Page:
Which band did Forever Young sing
Marian Gold on the production of Alphaville - Strange Attractor
Anyone who thinks that Marian Gold and his musical colleagues put their feet on the table after their phenomenal lightning start in '84 has not done their homework. They may have shifted down a gear occasionally, but they were never really gone. The current and seventh studio album Strange Attractor shows how present and timeless Alphaville sound today.
With mega hits like Forever Young, Big In Japan or Sounds Like A Melody, Alphaville have created immortal song icons that have lost none of their intensity even after more than three decades. A lot has happened since then: knowing full well that such a lightning career can mean both a blessing and a curse, mastermind Marian Gold has not even tried to continue the wave of early success as long as possible. Instead, he deliberately allowed himself all artistic freedom, including occasional breaks in creation, in order to surprise the world with new songs whenever the long and carefully prepared material once again seemed to have matured sufficiently. Strange Attractor is the first Alphaville studio album in seven years.
While great melodies and opulent arrangements are reminiscent of Alphaville's classics, the new work surprises with a much more rock sound and plenty of funky-soulful grooves. We talk to Marian Gold and his long-time producer »Blacky« Schwarz-Ruszczynksi about old and new sounds and songs from Alphaville.
Marain, what's new with Strange Attractor?
Marian Gold: I was totally turned on by the funk-inspired music of the late 70s - like the grooves from Saturday Night Fever. I also loved glitter rock bands like The Sweet. These were definitely triggers for songs like Fever! and Heartbreak City. The combination of rock, electronics and those funky grooves was a real revelation for me.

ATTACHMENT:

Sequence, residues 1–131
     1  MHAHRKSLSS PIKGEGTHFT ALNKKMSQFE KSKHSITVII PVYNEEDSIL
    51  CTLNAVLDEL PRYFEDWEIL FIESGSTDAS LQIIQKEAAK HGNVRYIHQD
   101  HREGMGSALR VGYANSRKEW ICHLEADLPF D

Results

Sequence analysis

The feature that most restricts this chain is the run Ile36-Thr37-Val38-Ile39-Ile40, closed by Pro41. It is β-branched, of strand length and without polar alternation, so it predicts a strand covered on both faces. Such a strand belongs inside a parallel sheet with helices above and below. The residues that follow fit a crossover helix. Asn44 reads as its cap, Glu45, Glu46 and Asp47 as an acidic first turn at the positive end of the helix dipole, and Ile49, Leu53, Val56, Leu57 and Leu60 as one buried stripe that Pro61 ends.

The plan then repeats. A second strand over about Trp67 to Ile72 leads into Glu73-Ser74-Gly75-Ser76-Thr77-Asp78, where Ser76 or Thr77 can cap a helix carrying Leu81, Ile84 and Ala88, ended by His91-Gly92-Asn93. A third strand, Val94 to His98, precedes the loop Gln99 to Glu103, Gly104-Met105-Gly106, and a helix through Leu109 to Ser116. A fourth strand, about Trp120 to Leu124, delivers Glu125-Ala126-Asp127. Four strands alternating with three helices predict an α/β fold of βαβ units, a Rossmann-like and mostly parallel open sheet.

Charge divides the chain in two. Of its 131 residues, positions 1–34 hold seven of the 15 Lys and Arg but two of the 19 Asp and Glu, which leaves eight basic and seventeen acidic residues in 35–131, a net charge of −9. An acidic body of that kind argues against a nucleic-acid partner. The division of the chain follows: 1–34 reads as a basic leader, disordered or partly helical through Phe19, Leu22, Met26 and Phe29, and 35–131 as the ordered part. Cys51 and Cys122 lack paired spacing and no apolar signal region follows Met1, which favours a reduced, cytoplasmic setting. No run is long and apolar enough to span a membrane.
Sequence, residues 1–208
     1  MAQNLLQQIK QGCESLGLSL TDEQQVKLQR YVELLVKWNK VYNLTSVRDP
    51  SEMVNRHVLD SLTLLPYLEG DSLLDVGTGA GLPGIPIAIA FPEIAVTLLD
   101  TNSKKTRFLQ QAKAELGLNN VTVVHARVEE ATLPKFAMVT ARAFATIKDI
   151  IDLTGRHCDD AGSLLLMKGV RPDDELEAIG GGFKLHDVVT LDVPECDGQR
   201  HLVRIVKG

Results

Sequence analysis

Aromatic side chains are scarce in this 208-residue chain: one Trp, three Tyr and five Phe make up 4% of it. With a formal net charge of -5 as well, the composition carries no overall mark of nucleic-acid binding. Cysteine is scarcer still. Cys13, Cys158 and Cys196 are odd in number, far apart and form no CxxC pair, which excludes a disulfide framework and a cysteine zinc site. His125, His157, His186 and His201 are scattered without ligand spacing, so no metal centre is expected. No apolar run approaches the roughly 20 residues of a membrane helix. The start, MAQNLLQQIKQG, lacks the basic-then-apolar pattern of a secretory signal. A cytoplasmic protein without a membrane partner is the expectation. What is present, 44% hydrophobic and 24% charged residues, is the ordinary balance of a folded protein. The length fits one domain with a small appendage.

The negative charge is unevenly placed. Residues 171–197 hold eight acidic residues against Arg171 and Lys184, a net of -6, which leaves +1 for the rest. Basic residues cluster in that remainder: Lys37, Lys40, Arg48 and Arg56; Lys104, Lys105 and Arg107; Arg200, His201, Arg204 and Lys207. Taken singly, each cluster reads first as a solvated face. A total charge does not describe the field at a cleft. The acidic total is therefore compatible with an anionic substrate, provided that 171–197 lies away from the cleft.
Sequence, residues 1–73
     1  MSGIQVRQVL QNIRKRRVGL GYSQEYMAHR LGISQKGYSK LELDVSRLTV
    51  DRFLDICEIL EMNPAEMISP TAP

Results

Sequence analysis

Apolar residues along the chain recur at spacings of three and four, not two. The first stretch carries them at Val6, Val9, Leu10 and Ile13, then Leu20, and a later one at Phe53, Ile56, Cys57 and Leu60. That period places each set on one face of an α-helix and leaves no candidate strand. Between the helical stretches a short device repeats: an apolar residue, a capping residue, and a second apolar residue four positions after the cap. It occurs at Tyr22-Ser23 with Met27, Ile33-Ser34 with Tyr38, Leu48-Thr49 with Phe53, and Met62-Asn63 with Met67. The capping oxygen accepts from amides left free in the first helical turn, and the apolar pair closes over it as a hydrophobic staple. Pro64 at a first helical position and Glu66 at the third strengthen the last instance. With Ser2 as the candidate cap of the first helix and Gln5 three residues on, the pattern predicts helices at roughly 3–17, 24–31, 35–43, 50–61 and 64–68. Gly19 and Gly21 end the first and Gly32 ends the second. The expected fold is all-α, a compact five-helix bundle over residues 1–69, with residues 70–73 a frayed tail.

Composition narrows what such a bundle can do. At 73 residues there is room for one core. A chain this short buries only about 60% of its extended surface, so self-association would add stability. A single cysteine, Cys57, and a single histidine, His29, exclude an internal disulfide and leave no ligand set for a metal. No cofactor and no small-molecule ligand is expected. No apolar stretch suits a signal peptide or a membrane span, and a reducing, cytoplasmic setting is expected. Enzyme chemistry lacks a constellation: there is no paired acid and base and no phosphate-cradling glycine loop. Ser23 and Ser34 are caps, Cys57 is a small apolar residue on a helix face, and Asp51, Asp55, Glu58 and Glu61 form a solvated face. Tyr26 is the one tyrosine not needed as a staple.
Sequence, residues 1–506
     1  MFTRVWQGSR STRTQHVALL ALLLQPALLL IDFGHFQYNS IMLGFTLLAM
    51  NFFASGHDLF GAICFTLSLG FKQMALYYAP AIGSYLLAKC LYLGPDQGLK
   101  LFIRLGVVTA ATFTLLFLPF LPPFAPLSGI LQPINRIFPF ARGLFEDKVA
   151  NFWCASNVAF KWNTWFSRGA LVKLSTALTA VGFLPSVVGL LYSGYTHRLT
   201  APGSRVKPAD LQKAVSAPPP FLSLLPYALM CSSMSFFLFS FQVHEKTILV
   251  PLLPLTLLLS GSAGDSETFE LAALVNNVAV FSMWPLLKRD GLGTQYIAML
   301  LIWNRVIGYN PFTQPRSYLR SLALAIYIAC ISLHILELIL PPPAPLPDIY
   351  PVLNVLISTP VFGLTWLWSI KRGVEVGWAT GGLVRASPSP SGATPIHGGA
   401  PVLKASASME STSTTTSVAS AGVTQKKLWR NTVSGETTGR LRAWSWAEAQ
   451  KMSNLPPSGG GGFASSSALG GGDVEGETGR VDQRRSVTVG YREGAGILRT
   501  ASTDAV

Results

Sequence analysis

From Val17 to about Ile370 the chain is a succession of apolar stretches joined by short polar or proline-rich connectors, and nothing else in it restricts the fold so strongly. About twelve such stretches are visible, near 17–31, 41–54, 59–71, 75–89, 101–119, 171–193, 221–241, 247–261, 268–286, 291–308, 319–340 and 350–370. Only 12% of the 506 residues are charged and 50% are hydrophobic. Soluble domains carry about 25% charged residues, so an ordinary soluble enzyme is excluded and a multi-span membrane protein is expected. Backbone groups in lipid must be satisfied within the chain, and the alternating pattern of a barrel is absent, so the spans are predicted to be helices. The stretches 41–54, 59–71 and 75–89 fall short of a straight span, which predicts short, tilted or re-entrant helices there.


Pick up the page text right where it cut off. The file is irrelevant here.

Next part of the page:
Do you aspire to invent something new?
For us, every album is a step into white territory. But of course there are elements in our style that no longer change. This is how we continue to tell stories, and that imposes certain restrictions on the musical possibilities. Besides, we just love melodies.
Why do you always have to wait so long for new Alphaville albums? Is songwriting hard work for you?
I haven't worked since I started Alphaville in 1982 (laughs). I've never found making music a job - more like a never-ending vacation. When we "work" in the studio, we are in no rush or commitments. We just follow our promptings. The band brings ideas, I collect ideas on the piano, on the computer or spontaneously on my smartphone. Initially, these can be any licks. I think I have a talent for putting pieces of the puzzle together. Over time, these puzzle pieces turn into demos. And from a certain point on, the pieces develop a kind of life of their own and tell you whether this is already a hit or whether something is still missing. This is how Big In Japan came about: I had these descending fifths in my head and Are Friends Electric in my ear (by Gary Numan; editor's note). Add a few biographical snippets and the result was Big In Japan. Other songs, on the other hand, take a lot of time. Sometimes there are countless versions that keep changing. We released some of these early demos on Strange Attractor's vinyl. Ultimately, they have become songs in their own right.
Have you been following this way of working since the early days of Alphaville?
Ultimately, yes. I'm not a "real" musician and I still can't read sheet music. I came to music as a fan - through my record collection and through musicians I adored. At first I never thought that I could become a musician myself. And suddenly there were rhythm machines and sequencers! Well, now I can play ideas on the piano. But basically I'm still the megalomaniac fan from back then ...
How did you approach these "new" instruments back then?
At the beginning of the 80s, electronic instruments became halfway affordable for the first time. We were stranded in Berlin and lived in squats. The money for instruments I worked together on the construction.
What were your first electronic instruments?